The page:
Peter Botsman Award 2004
John is a teacher who is deeply committed to the teaching of the subject English, intellectually stimulating, always challenging us into thinking what English teaching was about. He is prepared to apply, and inspires his teachers to apply, cutting edge ideas about teaching topics/issues associated with the teaching of English in the classroom.
John is inspirational because of the breadth and depth of his knowledge of critical language theory and his dedication to implementing it in the classroom. Throughout the nineties, his intelligence, insights (and dry wit) lifted the quality of discussions at panel sessions and his contributions to Panel were appreciated and respected by his colleagues.
In 1991 members of English syllabus sub-committee were amazed at the insight and depth of the syllabus feedback submitted by John. Around that time he also meticulously developed and documented a unit of work on literature for Year 10 which represented a very early attempt to translate post-structuralist theory into practice. His work has found its way into Words’Worth and University courses.
One of us was lucky to teach with John Thomas at Woree State High in Cairns during the early to mid 1990s.
During this time he introduced me to Critical Literacy Theory – a person well ahead of his times. As a result of his leadership, a team of us began to apply the ideas associated with this theory in the classroom – no mean feat given it was a time when no support materials were in place for our use. Ne encouraged and supported wide reading, collegial support and risk taking. We were able to create and sustain a network that included visits from Wendy Morgan and Colin Lankshear. At seminars, we show cased with other teachers in the region, what we had developed.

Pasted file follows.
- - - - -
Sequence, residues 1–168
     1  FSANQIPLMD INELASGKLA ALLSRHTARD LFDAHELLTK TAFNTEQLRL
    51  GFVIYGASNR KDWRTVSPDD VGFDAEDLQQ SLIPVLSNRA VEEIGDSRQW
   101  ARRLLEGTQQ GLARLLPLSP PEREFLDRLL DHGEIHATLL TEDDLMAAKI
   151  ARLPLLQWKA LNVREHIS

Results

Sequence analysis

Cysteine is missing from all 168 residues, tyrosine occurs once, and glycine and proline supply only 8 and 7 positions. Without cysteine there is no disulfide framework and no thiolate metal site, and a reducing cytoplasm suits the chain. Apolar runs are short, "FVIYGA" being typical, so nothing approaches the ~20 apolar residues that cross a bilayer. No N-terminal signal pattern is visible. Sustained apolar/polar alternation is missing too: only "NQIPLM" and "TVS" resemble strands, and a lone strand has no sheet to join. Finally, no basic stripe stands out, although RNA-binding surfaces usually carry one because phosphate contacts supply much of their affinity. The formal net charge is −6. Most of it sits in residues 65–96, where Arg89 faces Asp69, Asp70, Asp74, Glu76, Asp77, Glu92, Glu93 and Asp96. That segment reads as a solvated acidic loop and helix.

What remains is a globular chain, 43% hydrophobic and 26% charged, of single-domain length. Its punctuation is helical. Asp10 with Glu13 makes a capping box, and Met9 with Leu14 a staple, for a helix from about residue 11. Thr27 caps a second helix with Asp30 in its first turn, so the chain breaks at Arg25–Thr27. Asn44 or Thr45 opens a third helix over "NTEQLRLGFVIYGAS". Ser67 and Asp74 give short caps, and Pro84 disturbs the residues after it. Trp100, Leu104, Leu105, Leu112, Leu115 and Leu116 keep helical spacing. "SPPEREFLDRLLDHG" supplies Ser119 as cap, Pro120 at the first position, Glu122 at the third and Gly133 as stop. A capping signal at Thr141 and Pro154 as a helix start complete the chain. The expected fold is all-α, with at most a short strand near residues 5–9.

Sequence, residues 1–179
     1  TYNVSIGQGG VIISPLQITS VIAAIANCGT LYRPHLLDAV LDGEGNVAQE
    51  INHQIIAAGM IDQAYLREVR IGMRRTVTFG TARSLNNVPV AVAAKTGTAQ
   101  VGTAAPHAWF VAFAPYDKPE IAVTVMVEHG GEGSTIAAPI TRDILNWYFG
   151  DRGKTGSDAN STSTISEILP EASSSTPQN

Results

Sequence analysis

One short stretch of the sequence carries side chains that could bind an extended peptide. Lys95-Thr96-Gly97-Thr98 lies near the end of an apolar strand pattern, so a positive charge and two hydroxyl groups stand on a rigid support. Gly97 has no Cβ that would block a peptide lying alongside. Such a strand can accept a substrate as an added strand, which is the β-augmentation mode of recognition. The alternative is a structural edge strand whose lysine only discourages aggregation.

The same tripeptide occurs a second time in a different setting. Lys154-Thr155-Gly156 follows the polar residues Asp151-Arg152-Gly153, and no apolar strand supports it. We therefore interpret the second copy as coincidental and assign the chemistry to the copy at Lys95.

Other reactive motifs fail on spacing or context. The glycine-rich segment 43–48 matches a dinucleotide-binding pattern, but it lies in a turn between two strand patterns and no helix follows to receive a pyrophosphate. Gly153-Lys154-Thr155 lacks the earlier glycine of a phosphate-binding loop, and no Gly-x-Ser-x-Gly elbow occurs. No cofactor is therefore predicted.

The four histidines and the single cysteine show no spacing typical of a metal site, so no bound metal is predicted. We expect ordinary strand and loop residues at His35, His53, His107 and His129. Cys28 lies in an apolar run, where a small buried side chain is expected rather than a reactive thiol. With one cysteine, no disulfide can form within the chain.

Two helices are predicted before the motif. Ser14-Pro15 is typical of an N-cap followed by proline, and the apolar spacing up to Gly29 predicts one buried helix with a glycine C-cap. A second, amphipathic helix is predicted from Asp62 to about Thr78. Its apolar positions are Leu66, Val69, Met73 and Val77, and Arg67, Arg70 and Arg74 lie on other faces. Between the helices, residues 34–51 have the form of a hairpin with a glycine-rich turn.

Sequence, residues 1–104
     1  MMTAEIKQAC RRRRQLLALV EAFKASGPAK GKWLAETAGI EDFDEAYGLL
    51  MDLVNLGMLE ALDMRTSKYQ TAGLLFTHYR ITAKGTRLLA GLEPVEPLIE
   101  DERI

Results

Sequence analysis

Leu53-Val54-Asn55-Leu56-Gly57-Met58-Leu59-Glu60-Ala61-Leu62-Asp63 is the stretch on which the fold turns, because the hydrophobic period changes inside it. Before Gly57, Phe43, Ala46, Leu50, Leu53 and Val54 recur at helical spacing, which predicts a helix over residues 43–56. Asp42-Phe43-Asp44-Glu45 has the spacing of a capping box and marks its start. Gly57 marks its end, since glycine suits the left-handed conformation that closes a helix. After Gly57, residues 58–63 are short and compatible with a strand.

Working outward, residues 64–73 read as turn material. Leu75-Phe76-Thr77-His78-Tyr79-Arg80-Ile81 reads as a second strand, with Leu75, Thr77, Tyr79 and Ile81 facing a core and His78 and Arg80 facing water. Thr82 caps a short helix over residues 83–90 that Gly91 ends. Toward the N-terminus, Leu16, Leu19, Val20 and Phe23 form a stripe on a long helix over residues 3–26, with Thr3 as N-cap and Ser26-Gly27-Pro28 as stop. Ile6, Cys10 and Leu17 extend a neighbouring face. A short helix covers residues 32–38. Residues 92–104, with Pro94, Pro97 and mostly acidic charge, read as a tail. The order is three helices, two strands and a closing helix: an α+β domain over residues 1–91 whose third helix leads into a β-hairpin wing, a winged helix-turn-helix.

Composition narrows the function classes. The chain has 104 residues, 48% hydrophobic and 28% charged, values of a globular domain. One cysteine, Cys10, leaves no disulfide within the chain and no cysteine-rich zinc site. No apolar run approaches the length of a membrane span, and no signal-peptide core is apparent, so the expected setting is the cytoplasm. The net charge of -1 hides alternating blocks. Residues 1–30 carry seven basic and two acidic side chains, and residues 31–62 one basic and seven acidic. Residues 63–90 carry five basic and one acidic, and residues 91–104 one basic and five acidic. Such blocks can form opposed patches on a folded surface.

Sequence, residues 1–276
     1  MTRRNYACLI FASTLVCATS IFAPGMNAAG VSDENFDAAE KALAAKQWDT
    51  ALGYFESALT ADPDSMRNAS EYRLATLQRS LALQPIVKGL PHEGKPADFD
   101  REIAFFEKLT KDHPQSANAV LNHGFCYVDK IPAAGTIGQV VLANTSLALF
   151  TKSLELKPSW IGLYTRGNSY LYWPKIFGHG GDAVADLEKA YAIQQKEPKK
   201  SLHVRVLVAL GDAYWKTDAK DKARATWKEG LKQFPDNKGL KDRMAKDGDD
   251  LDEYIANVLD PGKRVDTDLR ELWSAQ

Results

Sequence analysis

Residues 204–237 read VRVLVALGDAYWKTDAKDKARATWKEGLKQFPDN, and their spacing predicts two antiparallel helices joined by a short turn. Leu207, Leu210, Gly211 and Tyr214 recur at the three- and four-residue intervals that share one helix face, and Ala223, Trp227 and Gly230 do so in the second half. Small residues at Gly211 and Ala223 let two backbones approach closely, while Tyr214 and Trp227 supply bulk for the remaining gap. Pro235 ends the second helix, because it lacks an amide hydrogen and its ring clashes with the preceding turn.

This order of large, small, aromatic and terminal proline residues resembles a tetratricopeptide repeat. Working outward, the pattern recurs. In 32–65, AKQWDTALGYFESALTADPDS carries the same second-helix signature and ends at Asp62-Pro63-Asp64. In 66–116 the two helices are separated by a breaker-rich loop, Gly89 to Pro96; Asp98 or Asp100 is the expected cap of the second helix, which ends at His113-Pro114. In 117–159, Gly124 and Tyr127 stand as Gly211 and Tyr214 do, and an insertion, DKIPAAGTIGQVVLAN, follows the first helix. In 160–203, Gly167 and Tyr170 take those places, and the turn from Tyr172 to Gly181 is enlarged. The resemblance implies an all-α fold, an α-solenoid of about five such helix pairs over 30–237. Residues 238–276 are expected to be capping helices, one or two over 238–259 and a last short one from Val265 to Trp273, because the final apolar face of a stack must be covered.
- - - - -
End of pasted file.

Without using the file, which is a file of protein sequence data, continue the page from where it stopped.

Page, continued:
We were also inspired by him to engage in advocacy, meeting with local politicians and advisers to the Minister of Education whenever an educational issue of concern arose.
His sense of social justice is noteworthy as well. He supported us in recognising the needs of troubled students, helping us cope with the stress of working with them with regular doses of his loony bird humour. He also motivated us to see that effective application of Critical Literacy provided an opportunity to giving voice to these students – an opportunity for them to make a new meaning out of school.
John has an insatiable appetite for all things English. This is no more evident than in his adoption of Hallidayan approaches and more recently those of Kress and van Leeuwin on visual literacy to the extent that he has introduced his son to Kress and van Leeuwin to help him at the College of Art.
Perhaps the most significant aspect of John’s approach to English teaching has been his capacity to absorb new ideas, come to terms with their complexity, and to exploit their worth. A consuming interest with language across the curriculum has been apparent in his involvement in language projects over the past 25 years beginning with LTLTR and continuing now with New Basics. In conclusion referees were unanimous in their support for John’s leadership and advocacy for English education, as one wrote:
We absolutely commend John as a nominee for a Botsman Award 2004. It couldn’t go to a more deserving person.